Callistemon rugulosus


Callistemon rugulosus

Scarlet bottlebrush


2016


38 x 52cm

Watercolour and graphite on Fabriano Artistico extra white cotton rag 600 gsm



Bottlebrushes are members of the genus Callistemon and belong to the family Myrtaceae. They are closely related to paperbark melaleucas, which also have 'bottlebrush' shaped flower spikes. It is difficult to tell to which genus some species belong. Botanists are currently closely studying these plants to determine how they are best classified. There are 40 species currently called Callistemon.  

The flower spikes of bottlebrushes form in spring and summer and are made up of a number of individual flowers. The pollen of the flower forms on the tip of a long coloured filament. It is these filaments which give the flower spike its colour and distinctive 'bottlebrush' shape. The filaments of this species, rugulosus, are pinkish-red, with a bright flush of yellow pollen at the ends.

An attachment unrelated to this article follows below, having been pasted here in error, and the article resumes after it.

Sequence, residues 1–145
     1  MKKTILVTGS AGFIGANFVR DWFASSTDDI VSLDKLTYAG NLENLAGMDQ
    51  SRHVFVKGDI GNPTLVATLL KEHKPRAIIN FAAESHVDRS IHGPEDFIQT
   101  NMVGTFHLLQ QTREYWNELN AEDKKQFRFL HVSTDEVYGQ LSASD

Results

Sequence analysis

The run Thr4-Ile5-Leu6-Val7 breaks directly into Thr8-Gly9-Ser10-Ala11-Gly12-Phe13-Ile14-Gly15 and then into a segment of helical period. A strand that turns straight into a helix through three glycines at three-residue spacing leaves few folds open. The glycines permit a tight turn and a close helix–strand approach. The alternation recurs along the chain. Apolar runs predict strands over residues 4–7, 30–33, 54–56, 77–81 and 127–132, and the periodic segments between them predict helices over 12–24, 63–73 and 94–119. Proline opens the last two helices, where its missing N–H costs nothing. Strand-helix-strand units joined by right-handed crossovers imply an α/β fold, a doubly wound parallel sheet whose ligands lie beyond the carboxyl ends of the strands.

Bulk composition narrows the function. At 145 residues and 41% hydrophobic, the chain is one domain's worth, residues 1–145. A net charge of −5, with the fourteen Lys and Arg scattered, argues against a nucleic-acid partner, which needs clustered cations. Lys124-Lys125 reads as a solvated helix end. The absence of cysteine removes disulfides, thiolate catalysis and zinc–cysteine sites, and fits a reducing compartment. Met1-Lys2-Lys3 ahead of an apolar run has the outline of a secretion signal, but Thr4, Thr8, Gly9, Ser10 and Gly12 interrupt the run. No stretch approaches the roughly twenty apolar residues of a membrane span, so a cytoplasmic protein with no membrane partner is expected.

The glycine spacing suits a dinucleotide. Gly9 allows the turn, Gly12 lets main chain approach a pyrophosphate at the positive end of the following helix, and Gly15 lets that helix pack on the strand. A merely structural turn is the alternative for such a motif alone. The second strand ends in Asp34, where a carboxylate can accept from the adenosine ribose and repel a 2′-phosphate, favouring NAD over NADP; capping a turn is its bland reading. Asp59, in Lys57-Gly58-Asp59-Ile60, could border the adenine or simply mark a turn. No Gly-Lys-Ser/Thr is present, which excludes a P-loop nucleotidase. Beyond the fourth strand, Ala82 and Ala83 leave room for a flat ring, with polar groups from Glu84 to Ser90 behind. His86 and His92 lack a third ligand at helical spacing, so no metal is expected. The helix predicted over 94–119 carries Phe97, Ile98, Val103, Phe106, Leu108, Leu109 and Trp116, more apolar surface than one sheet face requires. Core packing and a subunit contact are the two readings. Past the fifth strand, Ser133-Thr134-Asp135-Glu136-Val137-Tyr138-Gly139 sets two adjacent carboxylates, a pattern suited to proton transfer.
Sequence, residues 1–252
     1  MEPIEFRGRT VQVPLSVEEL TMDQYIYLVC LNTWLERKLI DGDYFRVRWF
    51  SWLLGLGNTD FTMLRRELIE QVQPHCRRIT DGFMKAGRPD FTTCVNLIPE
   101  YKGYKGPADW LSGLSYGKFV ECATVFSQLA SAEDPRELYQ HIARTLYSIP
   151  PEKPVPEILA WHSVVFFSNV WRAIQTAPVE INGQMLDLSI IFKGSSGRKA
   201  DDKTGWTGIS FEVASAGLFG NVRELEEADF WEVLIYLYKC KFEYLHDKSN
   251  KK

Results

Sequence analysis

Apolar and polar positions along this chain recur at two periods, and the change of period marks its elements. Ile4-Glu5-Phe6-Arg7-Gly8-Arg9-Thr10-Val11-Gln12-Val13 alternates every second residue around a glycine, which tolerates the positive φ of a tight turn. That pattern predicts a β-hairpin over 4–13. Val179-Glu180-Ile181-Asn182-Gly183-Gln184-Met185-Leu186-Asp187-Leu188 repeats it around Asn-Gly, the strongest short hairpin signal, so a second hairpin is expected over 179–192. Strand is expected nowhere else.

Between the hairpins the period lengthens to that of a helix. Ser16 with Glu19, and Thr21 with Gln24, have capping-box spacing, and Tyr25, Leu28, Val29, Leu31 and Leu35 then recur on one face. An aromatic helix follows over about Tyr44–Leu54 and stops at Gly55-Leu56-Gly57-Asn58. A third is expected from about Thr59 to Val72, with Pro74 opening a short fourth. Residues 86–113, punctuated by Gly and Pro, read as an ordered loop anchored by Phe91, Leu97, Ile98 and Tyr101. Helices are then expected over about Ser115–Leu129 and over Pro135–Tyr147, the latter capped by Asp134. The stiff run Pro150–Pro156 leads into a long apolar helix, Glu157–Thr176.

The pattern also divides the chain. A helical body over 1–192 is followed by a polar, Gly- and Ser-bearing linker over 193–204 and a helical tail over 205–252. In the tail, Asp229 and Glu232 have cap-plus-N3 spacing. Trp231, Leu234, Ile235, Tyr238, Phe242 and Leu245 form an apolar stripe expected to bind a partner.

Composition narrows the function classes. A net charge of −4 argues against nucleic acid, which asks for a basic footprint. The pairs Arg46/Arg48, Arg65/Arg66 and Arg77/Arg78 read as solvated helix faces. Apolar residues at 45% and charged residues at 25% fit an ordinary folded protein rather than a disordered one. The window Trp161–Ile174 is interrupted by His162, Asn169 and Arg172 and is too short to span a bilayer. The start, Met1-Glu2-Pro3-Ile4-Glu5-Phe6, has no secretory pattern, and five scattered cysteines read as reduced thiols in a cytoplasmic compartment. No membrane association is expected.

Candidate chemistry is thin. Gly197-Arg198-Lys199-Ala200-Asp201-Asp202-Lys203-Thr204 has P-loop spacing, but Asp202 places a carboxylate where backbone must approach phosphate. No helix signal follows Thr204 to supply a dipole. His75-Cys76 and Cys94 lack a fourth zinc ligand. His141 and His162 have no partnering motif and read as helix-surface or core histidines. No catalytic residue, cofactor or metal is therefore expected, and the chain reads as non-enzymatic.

Each flower produces a small woody fruit containing hundreds of tiny seeds. These fruits form in clusters along the stem, and are usually held on the plant for many years. The seeds are usually not released from the fruits for several years, but in some species the fruits open after about a year. Fire also stimulates the opening of the fruits in some bottlebrushes. 

The new leaves are very ornamental. They have a red flush are covered with fine, soft hairs. 

Heidi decided that it was necessary to describe the reproductive parts of the flower more clearly, hence the pencil drawing of the dissected flower, showing the filaments and style more clearly, and how they attach. This element has been magnified by a factor of two.

The painting process was dizzying, having to depict the depth of the flower heads by showing filaments towards the front as more defined, and ensuring each filament was trained back into its home pod correctly.  But the beautiful colours of the Australian bush shine through such a plant, and it's lovely to have the scent of the Australian bush in the studio.

The information above was partly derived from the Australian National Botanic Gardens website.